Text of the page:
Review Summary: Despite some clear weaknesses, British India deliver a very good debut album which includes some memorable highlight tracks that successfully combine raw rock & an energetic dancey post-punk sound.
“You make friends with ugly people, so you stand out in a crowd”. These are the first lyrics which greet the listener on British India’s debut album ‘Guillotine’. We can only hope that the young band from Melbourne – Australia do not take such shortcuts throughout their career as if this album is anything to go by, they have a lot of potential to fulfill in the future.
The terrific opening track which carries the above lyrical line is 1st single ‘Black & White Radio’. Not only does it do an excellent job of opening up this album, but it is also a downright great song in its own right which sums up British India’s sound fairly well. Urgent sounding, catchy & raw, the song successfully pulls off that difficult-to-find combination of rocking and dancey all at once.
And therein lies what may be British India’s main weapon to strike it big in the musical world; Their ability to mesh musical styles relatively seamlessly. Broadly classified as Alt-Rock, their music includes tinges of indie, but then builds on that with a more modern post-punk sound. To cap it all off, the band throw in what may be their secret ingredient of some good old-fashioned Aussie pub rock, which will have you both banging your head and tapping your toe all at once.
2nd single ‘Tie Up My Hands’ is also impressive in showing British India’s ability to pull off a more melodic and mainstream track which is borderline poppy, yet still has that raw sound that defines the band. Lead vocalist Declan Melia does a good job of adding some grunt towards the end of this song making it all the more worthwhile. Elsewhere, Melia clearly shows potential as he is full of energy, even if he sometimes errs towards yelling a little too much. On other occasions, he uses different techniques to add variety, such as in 3rd single ‘Run the Red Light’ where the verses are deliberately sung one word at a time to set up the effectively catchy chorus.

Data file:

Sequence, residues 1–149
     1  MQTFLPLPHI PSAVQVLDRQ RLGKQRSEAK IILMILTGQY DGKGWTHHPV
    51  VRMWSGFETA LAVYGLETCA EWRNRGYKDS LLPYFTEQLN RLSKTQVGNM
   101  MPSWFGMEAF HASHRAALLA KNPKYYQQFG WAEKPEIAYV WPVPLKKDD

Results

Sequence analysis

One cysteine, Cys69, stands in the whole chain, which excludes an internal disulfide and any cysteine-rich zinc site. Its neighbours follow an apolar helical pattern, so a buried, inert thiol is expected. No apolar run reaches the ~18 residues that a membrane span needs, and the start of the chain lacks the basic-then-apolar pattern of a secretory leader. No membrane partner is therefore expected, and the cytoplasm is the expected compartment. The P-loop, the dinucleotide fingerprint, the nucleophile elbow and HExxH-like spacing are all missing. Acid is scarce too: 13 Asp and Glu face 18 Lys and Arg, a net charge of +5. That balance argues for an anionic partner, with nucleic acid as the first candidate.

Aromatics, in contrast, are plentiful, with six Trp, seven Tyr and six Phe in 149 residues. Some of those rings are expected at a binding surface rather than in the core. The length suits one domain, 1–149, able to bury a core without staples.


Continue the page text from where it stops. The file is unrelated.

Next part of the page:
Lyrically, there is nothing deep and meaningful in British India’s work as they write mainly concerning current day society for the younger generation. If anything, their writing lacks some depth and clearly shows some patch-up work in the form of repetition. This then follows on to another arguable weakness on Guillotine; The overall lack of length as the running time clocks in at just 34 minutes.
Musically, the band can be opinion-splitting as there is nothing mind-blowing from a technical standpoint, but their ability to combine genres is impressively difficult to ignore. Furthermore, they occasionally use simple little guitar jangles cleverly to practically become the hook of a track, such as on ‘Russian Roulette’ & ‘Teenage Mother’. The latter track is especially impressive since it begins rather dark and ominously before building up an excellent beat that will leave you finding it difficult to sit still. Not to mention that it opens with the great line of “You’d look good as a teenage mother”!
The first 6 tracks of this album are clearly its strength and if they were to entirely make up a debut EP, then I would possibly be looking at a perfect 5 rating. Obviously then, it is a shame that this album runs out of steam a little towards the end. Nothing is too bad (in fact the 2 minute ‘Edgy Looking Clothes’ & up-tempo ‘Outside 109’ may have fitted in seamlessly earlier in the track listing), but none of the final 4 tracks are too memorable and the over-length of ‘Council Flat’ is rather tiresome.
So despite some of the clear weaknesses exhibited at times on ‘Guillotine’, the overall feeling derived from this debut album is most definitely positive. There are some memorable highlight tracks and the strike rate of hits compared to misses is more than sufficient, especially when considering the rather difficult mixture of raw rock and energetic dance-rock that British India play. In fact, all the weaknesses end up doing is showing how much room there is to improve for this already impressive young band.
Recommended Tracks: Black & White Radio, Tie Up My Hands, Run the Red Light & Teenage Mother.
The first 3 of those recommended tracks are available for streaming at http://www.myspace.com/britishindia